As the world’s largest paint and coatings manufacturer, PPG Industries is a major force in virtually every market it serves, from automotive and architectural to industrial coatings for electronics. When the company acquired Spraylat, Pelham, NY, in December 2012, analysts looked at Spraylat’s strong position in the industrial coatings sector, particularly in the field of liquid and powder coatings.
Less noticed, yet also significant, is Spraylat’s position in the field of conductive inks. Formed just a few years ago from scratch, Spraylat had built a multi-million dollar business in conductive inks, selling into the automotive, medical and touch screen markets.
“Spraylat didn’t have a conductive ink business, but they realized there was potential, and with their support, we started to have a lot of success, growing sales to $6 million,” said John Yundt, global circuit materials business manager, Electronic Materials Group (EMG) for PPG Industrial Coatings, who has been in the conductive ink field since he joined Acheson in 1994 and later moved to Spraylat.
Yundt said that the more PPG looked at Spraylat’s conductive ink business, the more interested they became in the possibilities.
“PPG acquired Spraylat for its coatings business, such as wheel coatings, powder coatings and golf ball coatings, and once they went into due diligence, they saw the electronics work we were doing, and the more they looked at it, the more they felt there was a tremendous fit for their consumer electronics group in Decorative Coatings, which makes coatings for cell phones and laptop computers,” Yundt said. “There was a lot of interest from PPG; our products are on the inside of electronics, such as touch pads, and PPG’s was on the outside.”
PPG is particularly strong in automotive coatings, an area that Spraylat has had success in.
“We sell a lot of products to the auto industry, such as auto seat sensors for airbags, and polymer thick film inks for electro-chromic rear view mirrors,” Yundt said. “PPG is strong in automotive coatings, so there is a lot of synergy there as well.
“Rear view mirrors will ultimately have touch sensors on them, which is ideal for us,” Yundt added. “PPG’s Optical Group is selling transition lenses, which have anti-glare and anti-fingerprinting properties, which are technologies we already have developed. Now that PPG owns us, we find that there is interest in anti-scratch and anti-fingerprint coatings for rear view mirrors. Cadillac offers multi-touch capacitive touch screens with printed circuitry, and we see this as one of the next big areas of growth for our technology.”
PPG’s EMG group is active in other fields, including medical and cell phones.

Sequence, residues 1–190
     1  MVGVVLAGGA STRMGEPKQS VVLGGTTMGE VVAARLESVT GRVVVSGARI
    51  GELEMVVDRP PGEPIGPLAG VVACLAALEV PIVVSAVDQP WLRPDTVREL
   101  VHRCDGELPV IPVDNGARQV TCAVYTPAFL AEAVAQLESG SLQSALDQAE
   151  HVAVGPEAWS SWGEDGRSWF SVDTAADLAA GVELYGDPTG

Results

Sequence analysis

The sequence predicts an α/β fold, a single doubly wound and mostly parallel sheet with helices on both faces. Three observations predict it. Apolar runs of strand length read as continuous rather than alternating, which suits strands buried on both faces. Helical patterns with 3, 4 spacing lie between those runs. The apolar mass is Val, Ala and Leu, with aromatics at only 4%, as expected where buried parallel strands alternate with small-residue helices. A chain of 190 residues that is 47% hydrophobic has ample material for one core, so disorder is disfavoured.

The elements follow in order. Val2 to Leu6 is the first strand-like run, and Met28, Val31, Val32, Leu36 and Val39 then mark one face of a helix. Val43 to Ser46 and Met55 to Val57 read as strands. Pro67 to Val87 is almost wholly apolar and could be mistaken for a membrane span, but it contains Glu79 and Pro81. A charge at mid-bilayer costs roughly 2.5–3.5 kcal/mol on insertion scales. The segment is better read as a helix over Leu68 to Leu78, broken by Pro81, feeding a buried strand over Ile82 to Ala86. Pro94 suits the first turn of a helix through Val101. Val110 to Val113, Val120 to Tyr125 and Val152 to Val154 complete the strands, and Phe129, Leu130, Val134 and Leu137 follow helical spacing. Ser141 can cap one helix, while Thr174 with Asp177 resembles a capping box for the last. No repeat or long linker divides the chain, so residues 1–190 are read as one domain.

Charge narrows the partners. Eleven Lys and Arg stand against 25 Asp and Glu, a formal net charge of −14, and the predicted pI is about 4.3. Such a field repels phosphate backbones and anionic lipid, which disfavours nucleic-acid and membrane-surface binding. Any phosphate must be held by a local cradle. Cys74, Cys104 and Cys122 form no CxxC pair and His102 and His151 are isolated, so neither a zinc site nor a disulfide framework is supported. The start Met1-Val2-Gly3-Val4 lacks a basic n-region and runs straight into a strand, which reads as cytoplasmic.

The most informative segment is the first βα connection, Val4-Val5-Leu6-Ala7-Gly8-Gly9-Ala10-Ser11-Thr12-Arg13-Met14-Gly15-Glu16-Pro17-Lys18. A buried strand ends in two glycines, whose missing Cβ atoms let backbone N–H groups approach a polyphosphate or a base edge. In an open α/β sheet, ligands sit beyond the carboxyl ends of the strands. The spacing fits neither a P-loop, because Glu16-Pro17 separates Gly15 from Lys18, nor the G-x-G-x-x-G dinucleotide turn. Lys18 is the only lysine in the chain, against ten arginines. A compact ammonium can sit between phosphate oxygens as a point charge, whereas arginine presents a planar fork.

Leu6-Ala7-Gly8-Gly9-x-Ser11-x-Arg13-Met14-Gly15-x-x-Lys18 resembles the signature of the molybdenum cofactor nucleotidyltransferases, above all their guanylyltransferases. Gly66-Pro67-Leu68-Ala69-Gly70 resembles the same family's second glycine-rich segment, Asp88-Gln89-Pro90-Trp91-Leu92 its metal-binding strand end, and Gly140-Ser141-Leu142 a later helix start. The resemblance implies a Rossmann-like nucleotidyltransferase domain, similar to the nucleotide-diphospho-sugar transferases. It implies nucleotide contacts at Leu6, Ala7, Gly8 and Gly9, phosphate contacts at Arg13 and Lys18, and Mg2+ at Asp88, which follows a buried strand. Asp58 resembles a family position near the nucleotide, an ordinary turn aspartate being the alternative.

“The medical biosensor market offers a lot of growth, in areas such as TENS pads, portable defibrillators and biosensors using enzyme sensing inks,” Yundt said. “We are doing well in the printed silver antennas for the toll pass market. If you can print an antenna on the outside of the cell phone and then coat it, you could improve receptivity at a much lower cost, and this is being done now; some antennas are pad printed now.”
PPG has already committed resources to the EMG’s conductive ink operations, building a new manufacturing cell at its Springdale, PA, industrial coatings plant. The company will develop nano-silver conductive inks in addition to its current range of silver-based and silver-hybrid conductive inks, with an eye on markets including medical devices, automotive airbags, flexible circuitry, electronic sensing devices and touch screens for mobile phones and tablets.
“These are very difficult products to make, and PPG brought the whole Spraylat team over to help ensure the exact same product and technology our customers were used to,” Yundt added. “The more continuity the better. PPG has been planning this for more than six months and didn’t rush anything.
Yundt said that printing offers excellent opportunities for electronics.
“Vapor deposition and etching are too costly and time consuming; screen, flexo and gravure are great ways to put down inks,” he said. “Current capabilities to print 40 micron fine line silver inks, (with an eye on 20 microns) without more costly nano-based inks…that is here and now.”
“We are working on determining what alternative conductive materials we can also use,” Yundt added. “The majority of our inks are silver, with some hybrid materials such as silver carbon, silver nickel and silver coated copper. We are printing screen, flexo and syringe-jettable inks in a range of particle sizes. We also make dielectric and resistive inks and conductive coatings for shielding and anti-static discharge applications.”
Yundt said that PPG’s extensive experience and contacts in key markets such as automotive will allow the EMG to reach new customers.
“PPG is very active in the automotive industry, and our products are an added technology in our toolkit that adds value. In the near term, I am very excited about our business growth in our major markets, such as automotive, printed antennas and electro-chromic mirrors,” Yundt said. “In the mid-term, I think this will expand into PPG’s market space, and into markets we never had access. PPG is an inventive company, and we shall see what happens.”
PPG’s Addition of Spraylat Opens New Doors for Conductive Inks
Spraylat had built a multi-million dollar business in conductive inks, selling into the automotive, medical and touch screen markets.
By David Savastano, Editor, Ink World
Published July 24, 2013
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